But McConnell has his own right flank to worry about after Sen. Rick Scott (R-Fla.) challenged his leadership position in November. McConnell won the race 36-10, but Senate conservatives sent a message that they weren’t happy with the direction of the GOP conference.
Conservative senators were caught off guard when McConnell proposed in fall 2021 that Democrats could move legislation to raise the debt limit without having to face a GOP filibuster.
McConnell said at the time he made the offer so Democrats would fully own the decision to add hundreds of billions of dollars to the debt.
“Democrats are simply voicing their expectations for something that already happened in the past to happen again,” one Senate Republican aide said of the calls by Aguilar and Jayapal to get involved in the debt limit talks.
The GOP aide noted McConnell initially took a hard line against raising the debt limit while Biden was in office, sending a letter to the president warning, “I will not be a party to any future effort to mitigate the consequences of Democratic mismanagement,” and that Democratic leaders “cannot invent another crisis and ask for my help.”
“I get that McConnell doesn’t want to be the main guy in this fight,” the aide said. “But Jayapal wouldn’t be calling on somebody to get involved unless she thought that person would push for a clean debt ceiling hike, because that’s her position.”
McConnell has warned repeatedly this year that he will stay out of the debt limit negotiations entirely.
He told The Wall Street Journal in an interview last week he agreed in January that McCarthy would be the Republican point person in the negotiations.
“The two of us agreed from the beginning that it was important for him to take the lead,” he said.
Yet, Senate Democrats are also rooting for McConnell to step in to prevent a default, which appears more possible with each passing day as Biden and McCarthy remain far apart on a potential deal.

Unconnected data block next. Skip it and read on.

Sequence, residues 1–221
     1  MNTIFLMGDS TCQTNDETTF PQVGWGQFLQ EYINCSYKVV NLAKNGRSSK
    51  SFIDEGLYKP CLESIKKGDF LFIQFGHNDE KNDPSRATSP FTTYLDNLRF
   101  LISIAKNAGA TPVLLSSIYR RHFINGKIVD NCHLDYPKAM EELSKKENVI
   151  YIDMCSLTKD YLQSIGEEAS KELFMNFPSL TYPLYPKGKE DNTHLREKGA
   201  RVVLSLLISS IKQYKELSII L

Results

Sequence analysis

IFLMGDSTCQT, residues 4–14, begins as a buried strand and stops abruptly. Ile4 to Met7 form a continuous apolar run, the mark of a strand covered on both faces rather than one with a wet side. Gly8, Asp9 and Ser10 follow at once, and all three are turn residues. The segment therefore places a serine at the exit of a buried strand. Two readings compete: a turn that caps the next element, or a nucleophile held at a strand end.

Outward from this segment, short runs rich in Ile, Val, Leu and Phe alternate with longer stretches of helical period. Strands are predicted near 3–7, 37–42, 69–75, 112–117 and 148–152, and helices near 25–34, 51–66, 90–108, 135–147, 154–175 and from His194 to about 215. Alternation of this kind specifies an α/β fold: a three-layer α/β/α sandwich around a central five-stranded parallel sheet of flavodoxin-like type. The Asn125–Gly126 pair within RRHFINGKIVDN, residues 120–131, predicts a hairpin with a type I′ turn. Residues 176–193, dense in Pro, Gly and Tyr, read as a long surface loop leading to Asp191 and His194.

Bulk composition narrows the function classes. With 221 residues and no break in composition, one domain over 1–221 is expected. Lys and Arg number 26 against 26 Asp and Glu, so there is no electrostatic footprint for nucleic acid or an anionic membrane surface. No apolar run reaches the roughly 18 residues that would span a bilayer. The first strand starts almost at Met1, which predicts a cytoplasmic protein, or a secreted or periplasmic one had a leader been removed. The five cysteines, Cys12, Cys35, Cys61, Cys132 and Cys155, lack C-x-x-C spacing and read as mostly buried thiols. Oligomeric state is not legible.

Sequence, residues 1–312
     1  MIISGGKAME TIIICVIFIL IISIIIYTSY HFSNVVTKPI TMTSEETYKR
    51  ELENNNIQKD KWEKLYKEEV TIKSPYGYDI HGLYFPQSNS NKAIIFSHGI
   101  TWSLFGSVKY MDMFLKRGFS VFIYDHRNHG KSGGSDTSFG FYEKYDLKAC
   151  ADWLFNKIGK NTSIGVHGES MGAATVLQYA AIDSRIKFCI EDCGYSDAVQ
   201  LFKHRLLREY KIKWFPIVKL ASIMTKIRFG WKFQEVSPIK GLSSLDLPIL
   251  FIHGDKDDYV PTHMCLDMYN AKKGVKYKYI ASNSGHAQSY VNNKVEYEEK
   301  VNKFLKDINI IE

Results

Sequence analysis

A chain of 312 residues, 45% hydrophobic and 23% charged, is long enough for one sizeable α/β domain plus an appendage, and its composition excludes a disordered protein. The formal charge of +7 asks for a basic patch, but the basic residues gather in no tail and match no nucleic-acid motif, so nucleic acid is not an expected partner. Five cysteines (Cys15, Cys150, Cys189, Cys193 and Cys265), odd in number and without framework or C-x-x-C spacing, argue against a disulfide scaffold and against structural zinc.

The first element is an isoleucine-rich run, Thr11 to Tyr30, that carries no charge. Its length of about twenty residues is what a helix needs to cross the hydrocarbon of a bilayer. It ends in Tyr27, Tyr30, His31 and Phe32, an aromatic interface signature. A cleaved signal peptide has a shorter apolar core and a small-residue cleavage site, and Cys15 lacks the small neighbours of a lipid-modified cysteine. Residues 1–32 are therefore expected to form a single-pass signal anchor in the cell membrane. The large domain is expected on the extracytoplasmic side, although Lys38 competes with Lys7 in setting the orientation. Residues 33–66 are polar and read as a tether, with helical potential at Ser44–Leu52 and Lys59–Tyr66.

Sen. Tim Kaine (D-Va.) told reporters earlier this month he felt “slightly better” about avoiding a fiscal catastrophe after McConnell declared “the United States is not going to default, it never has and it never will.”
McConnell made those comments outside the White House after a meeting with Biden and McCarthy.
The Senate GOP leader tried to reassure the media and the financial markets again Tuesday and emphasized it would be up to the president and Speaker, not himself, to work out a deal.
“I think everybody needs to relax,” McConnell told reporters in Kentucky.
“Regardless of what may be said about the talks … the president and the Speaker will reach an agreement. It will ultimately pass on a bipartisan vote in both the House and the Senate,” he said. “The country will not default.”
McConnell himself has argued any debt limit deal reached in the Senate wouldn’t have a chance of passing the GOP-controlled House.
Yet, Democrats are betting that McConnell will be forced to intervene at the last moment once the nation is on the brink of default, threatening chaos in the financial markets and a recession — just as he did most famously in summer 2011 when then-President Obama and then-Speaker John Boehner (R-Ohio) were at loggerheads over raising the debt limit.
“I understand the convenience of passing the buck in this building, but in the end, Sen. McConnell always has his own opinion,” Sen. Chris Murphy (D-Conn.) told The Hill earlier this month. “He doesn’t outsource his opinions and votes to Speaker McCarthy.”
Mike Lillis contributed.